Phillip Parker, 14, of Gordonsville, Tenn., killed himself this month, a victim of constant bullying at school, his parents said. "He kept telling me he had a rock on his chest," said Ruby Harris, Phillip's grandmother. "He just wanted to take the rock off where he could breathe." His death stunned his family (750 people attended his funeral) and should outrage us all. It angered Robert Scott, an openly gay high school soccer player in Memphis, who is part of the teen blog BradRobertBen we have written about before.
While [Philip] has passed and will be remembered as another of the wrongly killed students of our time, he has sparked something in me and others alike. We want to lift that rock from his chest – let him breathe freely without others freely bullying students like him.
Robert, 18, linked Philip's death to a climate of anti-gay hatred in Tennessee, whose legislature might act again on what is called the "Don't Say Gay" bill. The bill would make it illegal to discuss homosexuality in the classroom before ninth grade. The bill stalled last year but is poised to be reintroduced in the legislature this session. As Robert wrote:
If this is passed then the teaching/discussion of anything other than heterosexual issues in grades K-8 would be unlawful. This is a major setback to anyone determining their own sexuality. It might as well be saying that anyone in grades K-8 who thinks that they may be gay or bisexual should hide it from everyone.
If you think this is wrong, please speak out – at the very least for Phillip.
I am amazed at how far Robert has come in the year since I first met him. He was closeted, out to only a few people, before starting the blog with Ben Newcomer and Brad Usselman. He soon came out to his parents and friends and posted photos of himself on Facebook with his then-boyfriend. He will attend Augustana College this fall and will play soccer.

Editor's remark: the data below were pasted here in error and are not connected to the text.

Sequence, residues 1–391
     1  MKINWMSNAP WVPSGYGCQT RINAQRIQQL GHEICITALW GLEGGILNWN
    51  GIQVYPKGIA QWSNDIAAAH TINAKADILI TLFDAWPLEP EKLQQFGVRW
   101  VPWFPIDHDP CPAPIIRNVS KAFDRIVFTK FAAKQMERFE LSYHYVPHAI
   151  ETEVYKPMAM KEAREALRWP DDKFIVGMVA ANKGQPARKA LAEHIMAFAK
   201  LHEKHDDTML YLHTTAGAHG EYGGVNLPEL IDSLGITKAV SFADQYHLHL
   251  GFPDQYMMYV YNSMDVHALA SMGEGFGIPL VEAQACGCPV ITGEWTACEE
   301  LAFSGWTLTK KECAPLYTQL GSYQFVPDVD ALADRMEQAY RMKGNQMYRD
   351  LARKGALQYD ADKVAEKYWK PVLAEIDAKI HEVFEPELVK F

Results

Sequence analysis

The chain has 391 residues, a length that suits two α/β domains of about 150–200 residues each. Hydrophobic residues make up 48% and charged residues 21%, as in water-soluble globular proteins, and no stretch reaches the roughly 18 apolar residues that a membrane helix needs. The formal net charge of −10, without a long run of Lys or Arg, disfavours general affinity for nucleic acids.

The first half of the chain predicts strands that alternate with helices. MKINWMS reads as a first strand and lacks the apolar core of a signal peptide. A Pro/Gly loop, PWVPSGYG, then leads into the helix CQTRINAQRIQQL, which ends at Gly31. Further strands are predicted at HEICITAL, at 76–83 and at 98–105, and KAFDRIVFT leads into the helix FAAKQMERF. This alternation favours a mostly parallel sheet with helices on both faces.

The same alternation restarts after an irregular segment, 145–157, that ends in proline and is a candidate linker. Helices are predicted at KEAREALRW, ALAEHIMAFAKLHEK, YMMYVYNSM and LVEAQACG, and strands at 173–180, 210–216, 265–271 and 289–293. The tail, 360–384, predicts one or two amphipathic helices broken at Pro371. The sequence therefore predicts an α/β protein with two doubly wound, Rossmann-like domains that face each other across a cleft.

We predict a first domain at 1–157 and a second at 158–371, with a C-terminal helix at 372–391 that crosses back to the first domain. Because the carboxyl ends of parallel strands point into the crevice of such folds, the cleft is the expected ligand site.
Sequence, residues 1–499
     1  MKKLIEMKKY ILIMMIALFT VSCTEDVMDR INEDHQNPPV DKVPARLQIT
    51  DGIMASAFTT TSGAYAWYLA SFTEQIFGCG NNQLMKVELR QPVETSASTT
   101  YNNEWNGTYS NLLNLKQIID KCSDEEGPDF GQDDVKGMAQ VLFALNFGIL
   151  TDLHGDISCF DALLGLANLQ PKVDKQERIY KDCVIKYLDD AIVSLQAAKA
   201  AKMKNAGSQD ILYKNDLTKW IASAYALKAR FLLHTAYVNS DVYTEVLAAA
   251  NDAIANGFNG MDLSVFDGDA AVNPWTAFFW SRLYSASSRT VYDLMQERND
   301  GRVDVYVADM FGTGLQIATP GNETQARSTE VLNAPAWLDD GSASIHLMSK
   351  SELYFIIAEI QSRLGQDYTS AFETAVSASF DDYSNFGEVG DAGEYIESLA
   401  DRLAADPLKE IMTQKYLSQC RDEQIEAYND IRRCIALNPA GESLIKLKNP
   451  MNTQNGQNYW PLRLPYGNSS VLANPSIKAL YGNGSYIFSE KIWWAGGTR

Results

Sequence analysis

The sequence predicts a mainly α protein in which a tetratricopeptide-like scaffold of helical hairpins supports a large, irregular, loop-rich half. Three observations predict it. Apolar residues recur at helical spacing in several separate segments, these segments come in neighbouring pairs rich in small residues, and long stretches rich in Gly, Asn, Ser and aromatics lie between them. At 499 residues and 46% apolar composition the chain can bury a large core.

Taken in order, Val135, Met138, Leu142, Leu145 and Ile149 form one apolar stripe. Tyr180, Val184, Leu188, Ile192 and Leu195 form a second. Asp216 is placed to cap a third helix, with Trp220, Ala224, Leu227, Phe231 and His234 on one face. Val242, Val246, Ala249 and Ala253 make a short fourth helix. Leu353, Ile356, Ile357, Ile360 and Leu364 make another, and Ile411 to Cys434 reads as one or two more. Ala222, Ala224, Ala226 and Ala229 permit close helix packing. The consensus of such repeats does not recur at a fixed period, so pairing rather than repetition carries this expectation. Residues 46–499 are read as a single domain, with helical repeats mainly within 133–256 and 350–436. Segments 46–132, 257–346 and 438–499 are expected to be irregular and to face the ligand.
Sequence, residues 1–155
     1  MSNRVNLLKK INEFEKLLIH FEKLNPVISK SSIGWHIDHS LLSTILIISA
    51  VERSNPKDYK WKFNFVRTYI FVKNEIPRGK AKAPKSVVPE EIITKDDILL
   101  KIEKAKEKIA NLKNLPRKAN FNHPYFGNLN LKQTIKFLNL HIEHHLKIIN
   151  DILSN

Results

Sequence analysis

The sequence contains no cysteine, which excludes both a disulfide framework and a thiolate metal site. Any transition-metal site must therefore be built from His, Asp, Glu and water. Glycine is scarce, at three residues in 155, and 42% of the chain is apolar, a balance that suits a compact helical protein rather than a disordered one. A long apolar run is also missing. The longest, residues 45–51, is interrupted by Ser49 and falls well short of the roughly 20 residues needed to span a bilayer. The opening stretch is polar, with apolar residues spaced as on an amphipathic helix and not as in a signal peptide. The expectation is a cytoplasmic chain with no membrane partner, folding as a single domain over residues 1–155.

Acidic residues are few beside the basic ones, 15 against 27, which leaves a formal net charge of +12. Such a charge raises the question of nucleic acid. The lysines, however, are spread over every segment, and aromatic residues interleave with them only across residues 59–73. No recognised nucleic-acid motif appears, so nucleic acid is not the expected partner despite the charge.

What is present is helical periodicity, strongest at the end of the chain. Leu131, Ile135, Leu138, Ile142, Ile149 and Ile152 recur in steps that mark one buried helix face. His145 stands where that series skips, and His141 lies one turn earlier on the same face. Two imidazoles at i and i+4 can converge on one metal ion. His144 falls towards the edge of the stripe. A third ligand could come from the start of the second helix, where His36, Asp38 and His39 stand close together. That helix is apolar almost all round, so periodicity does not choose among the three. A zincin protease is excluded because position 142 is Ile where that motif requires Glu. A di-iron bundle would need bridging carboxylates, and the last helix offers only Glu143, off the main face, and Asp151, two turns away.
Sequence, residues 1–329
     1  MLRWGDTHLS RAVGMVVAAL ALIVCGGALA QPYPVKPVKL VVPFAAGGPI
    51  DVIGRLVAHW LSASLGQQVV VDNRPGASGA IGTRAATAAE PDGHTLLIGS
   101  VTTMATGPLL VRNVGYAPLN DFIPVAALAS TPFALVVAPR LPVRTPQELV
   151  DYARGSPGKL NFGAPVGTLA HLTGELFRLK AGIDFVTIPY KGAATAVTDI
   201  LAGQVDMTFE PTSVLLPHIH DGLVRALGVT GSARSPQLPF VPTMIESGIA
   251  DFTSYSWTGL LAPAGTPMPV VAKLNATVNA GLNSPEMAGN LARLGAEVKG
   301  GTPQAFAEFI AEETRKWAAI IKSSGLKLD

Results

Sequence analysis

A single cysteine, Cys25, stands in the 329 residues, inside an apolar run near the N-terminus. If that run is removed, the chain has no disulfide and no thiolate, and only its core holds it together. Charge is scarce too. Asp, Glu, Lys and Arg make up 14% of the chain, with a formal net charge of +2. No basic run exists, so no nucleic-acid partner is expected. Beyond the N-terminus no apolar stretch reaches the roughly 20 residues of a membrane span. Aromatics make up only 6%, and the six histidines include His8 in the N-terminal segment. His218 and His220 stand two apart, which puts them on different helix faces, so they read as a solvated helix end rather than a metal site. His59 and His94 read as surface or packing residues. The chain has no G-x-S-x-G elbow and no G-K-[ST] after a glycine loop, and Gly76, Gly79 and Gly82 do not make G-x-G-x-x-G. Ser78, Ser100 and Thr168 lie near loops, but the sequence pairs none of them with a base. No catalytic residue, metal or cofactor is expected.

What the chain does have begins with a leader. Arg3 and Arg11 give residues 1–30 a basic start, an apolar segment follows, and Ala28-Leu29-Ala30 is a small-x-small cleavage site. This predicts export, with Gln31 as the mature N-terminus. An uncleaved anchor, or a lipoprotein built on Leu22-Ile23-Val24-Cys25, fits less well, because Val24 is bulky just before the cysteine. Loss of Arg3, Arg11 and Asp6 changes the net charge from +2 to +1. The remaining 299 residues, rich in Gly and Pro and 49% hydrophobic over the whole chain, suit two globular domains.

Through the blog, Robert and Ben (Brad is not an active athlete thus year and not writing there) have helped many other high school athletes wrestling with their sexuality. I have connected several with Robert, knowing they wanted to share with a peer. He has a great head on his shoulders and can relate to what they're going through. I loved how Robert handled a classmate last fall who was part of a group asking whether he is gay:
Now being the kind of person I am, I enjoy confrontation – however, when I walked over to sharpen my pencil – one of the guys backed away from me like I had some sort of disease. I didn’t like this very much so I asked what his problem was, and he replied with the word ‘fag’ and other expletives. So I smiled at him, walked back to my seat, grabbed my bag, and headed to my English class to recite a memorization. ... I left him with no comment but a smile to piss him off even more.
My point here is, even though you can’t always ‘win’ with words, By simply smiling you can make them feel like what they’re doing is truly not affecting you. Would I have loved to punched him in the face and degrade his lack of intelligence? Sure, who wouldn’t; however, it’s better to be mature and walk away because in the end, ... I won’t see him but walking in the hallways for the rest of my high school career.
One blog won't end teen suicides or change the world, but it and others like it have made a difference to some teens who feel a little less lonely and know there are others like them. That counts for something.